Advertisement
YOU ARE HERE: LAT HomeCollections

Breeding's Perseverance Pays After Frigid Shooting Spell : Basketball: Crescenta Valley guard who gave team a spark late last season recovers his touch in time for key Pacific League games.

February 15, 1990|GARY KLEIN | SPECIAL TO THE TIMES

The shots just kept on coming.

And missing.

Crescenta Valley High guard Lamar Breeding launched, floated and literally threw the ball toward the basket 20 times in a game against La Canada earlier this season, often with defenders no closer than 10 feet away.

Set shots, jumpers and lay-ups clanked off the rim as Breeding converted just two attempts while the Falcons fell further and further behind.

"Keep shooting," Crescenta Valley Coach John Goffredo pleaded.

Goffredo hoped Breeding would shoot himself out of a slump that had just about everyone involved with the Falcons' program baffled.

Entering the season, Goffredo billed Breeding as one of the finest shooters in the Glendale area. Breeding, after all, led Crescenta Valley in scoring after he was summoned from the junior varsity for the regular season-finale and two playoff games last season. He was the leading scorer for the Falcons during summer league.

But it wasn't until he was benched following the La Canada game that Breeding began working out his shooting problems and finished the regular season the way Goffredo envisioned he'd start it. Two weeks ago, he produced 19 points, 11 rebounds and 11 assists against Hoover that marked a return to form.

"He's their team leader," Hoover Coach Kirt Kohlmeier said of Breeding. "His quickness makes up for a lot of things."

Breeding's shooting woes resulted in just a 10 points per game average this season. But he used his quickness and passing skills to help lead the Falcons to a 7-3 record and second-place finish in the Pacific League.

"When he has a good game, we're on top of ours," Goffredo said.

On Tuesday, Breeding scored 11 points as Crescenta Valley (16-8) defeated Hacienda Heights Wilson, 70-54, in the first round of the Southern Section 4-A playoffs.

Breeding, 5-foot-9, 140 pounds, hopes to continue his basketball career next season at either Glendale College or Pasadena. Adapting to play at a higher level should not be a problem for a player who has demonstrated the ability to fit in, even while standing out, throughout high school.

Born in Cleveland, Breeding was five when he moved with his mother, Yvonne, to Chula Vista after his parents divorced.

During the middle of his final year in junior high, Breeding and his mother moved to Montrose to be closer to Yvonne's fiance, who owned a business in Glendale. Breeding said there were other considerations for the transplant.

"The gang problem was getting carried away (in San Diego)," Breeding said. "She didn't want me growing up around that stuff."

The move to Montrose, however, presented Breeding an entirely different social predicament.

When he enrolled at Crescenta Valley in the middle of the second semester, Breeding became one of just three black students in a predominantly white school with an enrollment of about 1,600.

"In San Diego it was mostly blacks and Hispanics," Breeding said. "It was hard to change. I'm not prejudiced, but I didn't know how other people thought about me."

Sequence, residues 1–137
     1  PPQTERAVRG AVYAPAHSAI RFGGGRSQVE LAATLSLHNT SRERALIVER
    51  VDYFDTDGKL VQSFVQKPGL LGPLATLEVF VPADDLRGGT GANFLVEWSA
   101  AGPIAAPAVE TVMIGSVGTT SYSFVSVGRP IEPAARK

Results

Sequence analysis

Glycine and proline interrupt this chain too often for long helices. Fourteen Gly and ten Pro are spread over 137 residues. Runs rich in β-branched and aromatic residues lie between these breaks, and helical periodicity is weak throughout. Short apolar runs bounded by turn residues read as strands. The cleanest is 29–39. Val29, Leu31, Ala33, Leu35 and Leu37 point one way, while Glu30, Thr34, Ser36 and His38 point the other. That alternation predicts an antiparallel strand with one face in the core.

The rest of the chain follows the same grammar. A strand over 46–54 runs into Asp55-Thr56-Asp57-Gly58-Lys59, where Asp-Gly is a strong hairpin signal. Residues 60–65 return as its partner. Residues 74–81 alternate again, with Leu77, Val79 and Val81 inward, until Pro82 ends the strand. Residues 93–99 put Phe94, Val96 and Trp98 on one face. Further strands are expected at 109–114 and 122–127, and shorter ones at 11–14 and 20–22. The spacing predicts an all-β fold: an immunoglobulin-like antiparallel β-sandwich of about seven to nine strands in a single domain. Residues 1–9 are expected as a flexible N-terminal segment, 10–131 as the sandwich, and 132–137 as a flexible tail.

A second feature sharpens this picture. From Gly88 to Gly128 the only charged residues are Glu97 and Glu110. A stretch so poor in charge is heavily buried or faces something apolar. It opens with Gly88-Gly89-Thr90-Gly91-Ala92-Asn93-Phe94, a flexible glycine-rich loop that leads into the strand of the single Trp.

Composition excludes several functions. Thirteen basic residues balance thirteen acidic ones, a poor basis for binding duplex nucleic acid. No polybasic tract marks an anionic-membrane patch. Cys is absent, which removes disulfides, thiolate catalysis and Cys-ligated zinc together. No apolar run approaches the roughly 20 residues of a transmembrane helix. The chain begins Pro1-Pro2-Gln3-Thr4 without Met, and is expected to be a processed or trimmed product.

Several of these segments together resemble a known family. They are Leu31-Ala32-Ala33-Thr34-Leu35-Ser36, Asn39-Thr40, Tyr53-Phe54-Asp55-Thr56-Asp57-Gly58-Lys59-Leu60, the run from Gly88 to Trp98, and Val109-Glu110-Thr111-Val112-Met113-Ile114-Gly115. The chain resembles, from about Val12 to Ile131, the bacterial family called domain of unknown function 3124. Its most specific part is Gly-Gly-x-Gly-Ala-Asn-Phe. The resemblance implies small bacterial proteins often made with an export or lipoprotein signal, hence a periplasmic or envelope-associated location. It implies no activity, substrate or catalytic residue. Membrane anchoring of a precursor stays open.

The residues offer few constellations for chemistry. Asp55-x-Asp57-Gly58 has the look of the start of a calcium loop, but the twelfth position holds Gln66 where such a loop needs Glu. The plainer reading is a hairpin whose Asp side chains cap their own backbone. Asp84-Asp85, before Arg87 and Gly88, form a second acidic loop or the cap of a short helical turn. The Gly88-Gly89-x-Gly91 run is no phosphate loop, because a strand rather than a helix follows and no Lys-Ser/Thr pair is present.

Steve Finch, who is now one of Breeding's back court teammates, helped ease Breeding's transition by befriending him the first day he was on campus and introducing him to other students. "People were nice to me and I was the same with them," Breeding said. "I get along with everybody."

Finch also was instrumental in helping Breeding adjust to the pace and discipline of a Crescenta Valley basketball program that has had only one losing season in 28 years.

"In San Diego, we'd sit down on the side (during practice) and mess around," Breeding said. "When I got up here, it was 'Run over there. Hands up.' It was really strict.

"At first I didn't adapt, but Steve told me that things weren't going to change unless I listened and after that I slowly got into it."

Breeding was a reserve on the sophomore team, but worked hard over the summer before his junior year and earned a starting position on the junior varsity. He averaged 20 points a game for the JV's while Raffie Eskandarian, a senior, ran the show as point guard for the varsity. When Eskandarian was declared academically ineligible near the end of the season, Breeding stepped in and scored 19 points against Arcadia and 17 and 18 points, respectively, in two playoff games.

So what happened to the soft touch?

Breeding says his shooting troubles began shortly after summer league was completed.

"We had a month off and I was playing everyday at different parks and gyms," Breeding recalled. "I would watch other people shoot and I guess I changed where I was releasing the ball."

With center Paul Matijasevic having a fine season, the impact of Breedings struggles weren't felt until the entire Falcon team started a tailspin during Winter break.

For two weeks after the players returned to school, Goffredo drove to Breeding's home in the morning and chauffeured him to the gym for 7 a.m. shooting practice.

Breeding, however, said the recent return of his touch was more of a welcome revelation.

"I got up that morning (before the Hoover game) and told my mom, 'I just feel like playing,' " Breeding recalled. "She said, 'You better, because I'm getting sick of watching you shoot like that.'

Advertisement
Los Angeles Times Articles
|
|
|